People management will become just as important as cow management for many businesses and, for those who want to expand, it will be critical. John Giles, divisional director of Promar International, explains why.
A seemingly successful dairy farmer told me recently: “I can manage the cows all right, it’s just the people I find more difficult.”
Our research of almost 300 of our customers with an average herd size of just under 200 cows found that 60% of dairy farmers were expecting to increase cow numbers.
It is clear, though, that while many farmers have developed a good range of technical skills – and these can always be improved – the emphasis will need to also change to include a wider range of people and business management skills.
We also recently surveyed the attitudes and concerns of large dairy farmers across the UK – businesses with more than 500 cows. Surprisingly, their most pressing concerns related to the recruitment, retention and employment of staff.
They are generally good at arranging and funding practical training such as foot-trimming, tractor-driving, and fertility and nutrition courses. Broader management-style courses are, however, attended less often.
As businesses get bigger, though, managers are likely to spend more time supervising and motivating their teams and less time getting their hands dirty.
Some people shy away from this and our research shows that the best managers quickly learn that letting go of practical farming tasks is essential, however much they liked doing them, if they want to expand their business.
Developing a larger business requires a shift in emphasis in how managers spend their time, from being task-focused towards being leadership-focused.
How do people develop this skill? In our survey of large farms, we found that networking with other like-minded farmers and belonging to a discussion group were common attributes. We also found that in many cases, farming was a second career or the individual had broadened their experience across several farming businesses.
Have a vision
Farmers need to set aside appropriate time to think about how they want the business to look in five or 10 years. It involves creating a vision: how big is it going to be, how profitable and what will the key drivers be?
One way to think about it is, if Farmers Weekly was writing about your farm in five years’ time, what would the headline be? This a very simple but effective starting point, and more sophistication can be added later. The challenge is to work out what needs to be done to make the headline come true.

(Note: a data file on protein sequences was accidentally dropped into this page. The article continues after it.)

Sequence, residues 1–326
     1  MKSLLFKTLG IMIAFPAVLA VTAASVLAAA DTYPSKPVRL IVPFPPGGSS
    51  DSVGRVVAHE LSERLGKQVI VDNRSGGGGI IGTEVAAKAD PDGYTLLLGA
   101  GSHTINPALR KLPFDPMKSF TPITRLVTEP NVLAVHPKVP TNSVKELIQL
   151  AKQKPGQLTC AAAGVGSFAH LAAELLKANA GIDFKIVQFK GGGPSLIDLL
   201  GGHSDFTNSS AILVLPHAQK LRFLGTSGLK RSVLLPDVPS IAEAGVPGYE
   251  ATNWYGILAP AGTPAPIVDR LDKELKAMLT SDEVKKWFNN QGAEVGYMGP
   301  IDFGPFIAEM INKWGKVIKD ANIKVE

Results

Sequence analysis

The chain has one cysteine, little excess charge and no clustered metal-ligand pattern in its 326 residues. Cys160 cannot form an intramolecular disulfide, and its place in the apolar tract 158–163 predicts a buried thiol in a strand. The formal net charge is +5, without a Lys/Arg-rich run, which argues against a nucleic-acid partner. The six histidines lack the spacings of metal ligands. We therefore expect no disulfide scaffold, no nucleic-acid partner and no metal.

It is quite difficult to do that on your own, so speaking to consultants or other farmers, or getting involved in a professional body is essential.
Where do staff fit?
Staff also have to be included in setting the big picture. They are the people who will implement that vision. Financial rewards for them are nice, but just as important is showing them what their chances of progression will be in the business in the future.
A range of courses around the UK focus on the management of the farm business rather than the technical aspects. These develop broader leadership skills and are run, for example, by the Institute of Agricultural Management, the Worshipful Company of Farmers, DairyCo or commercial enterprises such as Promar.
One Herefordshire farmer we have worked with had just taken on his father’s farm, which had had 180 cows for a generation.
On the drive back from a leadership course in Exeter with his new business partner, they decided they wanted to rethink the business fundamentally, to build a different future for the next 30 years. They formed a plan to expand to 500 cows.
The emphasis on all of these courses is on developing a wider view of how farms can be run in the future, mid- to long-term vision-setting for the business, networking with other successful farmers (not just from the dairy sector) and understanding what is happening in the wider world of agriculture and food, and in some cases beyond.
In summary – being a good “technical” farmer is a prerequisite for success. But the bigger challenge might be for farmers to become good leaders of their businesses and find that managing the people is just as important as the cows.